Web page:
Purpose of review: Bicarbonate therapy for severe lactic acidosis remains a controversial therapy.
Recent findings: The most recent 2008 Surviving Sepsis guidelines strongly recommend against the use of bicarbonate in patients with pH at least 7.15, while deferring judgment in more severe acidemia. We review the mechanisms causing lactic acidosis in the critically ill and the scientific rationale behind treatment with bicarbonate.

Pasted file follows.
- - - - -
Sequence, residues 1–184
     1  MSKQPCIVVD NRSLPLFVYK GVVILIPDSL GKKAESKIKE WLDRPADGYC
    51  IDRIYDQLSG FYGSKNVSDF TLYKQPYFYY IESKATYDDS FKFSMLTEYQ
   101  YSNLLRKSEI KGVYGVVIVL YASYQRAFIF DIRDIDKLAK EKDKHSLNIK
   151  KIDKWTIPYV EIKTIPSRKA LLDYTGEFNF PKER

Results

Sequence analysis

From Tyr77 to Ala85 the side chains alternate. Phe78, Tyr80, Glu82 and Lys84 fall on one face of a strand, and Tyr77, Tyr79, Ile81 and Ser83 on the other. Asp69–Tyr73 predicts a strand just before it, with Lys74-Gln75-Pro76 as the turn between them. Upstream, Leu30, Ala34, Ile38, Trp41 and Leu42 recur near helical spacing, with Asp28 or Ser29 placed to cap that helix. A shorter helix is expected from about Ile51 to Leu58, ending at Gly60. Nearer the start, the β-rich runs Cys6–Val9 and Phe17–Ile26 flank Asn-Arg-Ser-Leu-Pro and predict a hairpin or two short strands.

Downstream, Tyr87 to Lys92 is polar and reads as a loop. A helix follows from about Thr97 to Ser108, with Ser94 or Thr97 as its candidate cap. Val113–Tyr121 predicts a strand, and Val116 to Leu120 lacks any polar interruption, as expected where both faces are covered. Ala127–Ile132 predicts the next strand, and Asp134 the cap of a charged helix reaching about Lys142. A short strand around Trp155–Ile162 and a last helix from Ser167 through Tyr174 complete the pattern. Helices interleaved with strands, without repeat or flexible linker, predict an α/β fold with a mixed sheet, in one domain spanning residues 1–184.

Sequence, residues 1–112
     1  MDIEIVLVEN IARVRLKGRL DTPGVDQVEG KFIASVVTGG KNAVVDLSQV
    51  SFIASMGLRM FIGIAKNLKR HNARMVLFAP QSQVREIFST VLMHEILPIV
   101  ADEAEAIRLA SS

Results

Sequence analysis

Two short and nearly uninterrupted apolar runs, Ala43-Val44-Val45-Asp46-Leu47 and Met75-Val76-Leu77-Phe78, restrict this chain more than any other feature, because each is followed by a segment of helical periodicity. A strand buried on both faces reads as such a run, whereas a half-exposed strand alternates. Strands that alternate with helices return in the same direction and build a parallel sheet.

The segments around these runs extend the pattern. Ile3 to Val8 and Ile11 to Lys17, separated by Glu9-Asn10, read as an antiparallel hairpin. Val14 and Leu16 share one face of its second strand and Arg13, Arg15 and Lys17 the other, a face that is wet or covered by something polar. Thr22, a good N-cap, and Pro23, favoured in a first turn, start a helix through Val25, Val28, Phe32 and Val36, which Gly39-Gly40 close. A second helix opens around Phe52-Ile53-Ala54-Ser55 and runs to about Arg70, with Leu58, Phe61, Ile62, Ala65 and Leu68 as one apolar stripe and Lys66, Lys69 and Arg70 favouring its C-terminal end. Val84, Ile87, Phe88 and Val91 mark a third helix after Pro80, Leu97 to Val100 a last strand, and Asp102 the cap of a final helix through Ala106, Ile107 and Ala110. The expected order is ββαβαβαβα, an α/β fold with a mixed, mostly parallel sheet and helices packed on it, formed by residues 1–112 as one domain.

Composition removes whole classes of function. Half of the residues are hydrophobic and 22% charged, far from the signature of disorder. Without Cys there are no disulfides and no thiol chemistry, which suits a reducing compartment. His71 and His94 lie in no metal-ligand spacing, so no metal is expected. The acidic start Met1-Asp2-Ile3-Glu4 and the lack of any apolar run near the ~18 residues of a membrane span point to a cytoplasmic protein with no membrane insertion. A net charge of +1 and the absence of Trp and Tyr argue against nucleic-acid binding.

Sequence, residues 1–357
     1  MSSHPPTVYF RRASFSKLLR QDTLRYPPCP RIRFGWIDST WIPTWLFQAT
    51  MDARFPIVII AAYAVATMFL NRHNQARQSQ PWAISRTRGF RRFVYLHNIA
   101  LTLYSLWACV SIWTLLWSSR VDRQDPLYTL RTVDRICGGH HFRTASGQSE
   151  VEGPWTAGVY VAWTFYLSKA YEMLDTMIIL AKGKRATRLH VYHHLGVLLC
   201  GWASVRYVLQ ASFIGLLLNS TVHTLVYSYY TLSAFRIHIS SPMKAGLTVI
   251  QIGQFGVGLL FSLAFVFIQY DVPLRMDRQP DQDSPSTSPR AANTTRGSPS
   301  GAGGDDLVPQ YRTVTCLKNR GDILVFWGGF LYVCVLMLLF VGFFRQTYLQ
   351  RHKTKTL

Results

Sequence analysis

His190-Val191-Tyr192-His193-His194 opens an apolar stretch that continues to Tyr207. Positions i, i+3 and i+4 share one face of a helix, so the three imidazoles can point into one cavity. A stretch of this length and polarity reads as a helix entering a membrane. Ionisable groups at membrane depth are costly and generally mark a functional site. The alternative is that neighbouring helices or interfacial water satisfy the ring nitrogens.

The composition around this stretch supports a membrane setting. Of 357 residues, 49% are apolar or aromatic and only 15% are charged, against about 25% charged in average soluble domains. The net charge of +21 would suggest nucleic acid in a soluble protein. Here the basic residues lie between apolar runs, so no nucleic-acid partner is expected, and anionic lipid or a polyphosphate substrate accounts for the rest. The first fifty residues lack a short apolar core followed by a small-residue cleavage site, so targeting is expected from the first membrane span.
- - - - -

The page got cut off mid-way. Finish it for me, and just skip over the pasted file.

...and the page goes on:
Summary: There is little rationale or evidence for the use of bicarbonate therapy for lactic acidosis due to shock. We agree with the Surviving Sepsis guidelines recommendation against the use of bicarbonate for lactic acidosis for pH at least 7.15 and we further recommend a lower target pH of 7.00 or less. If bicarbonate is used, consideration must be given to slow infusion and a plan for clearing the CO2 that is produced and measuring and correcting ionized calcium as the resultant 10% drop may decrease cardiac and vascular contractility and responsiveness to catecholamines. When continuous renal replacement therapy is used during severe acidosis, we recommend bicarbonate-based replacement fluid over citrate as citrate may increase the strong ion gap. Effective therapy of lactic acidosis due to shock is to reverse the cause.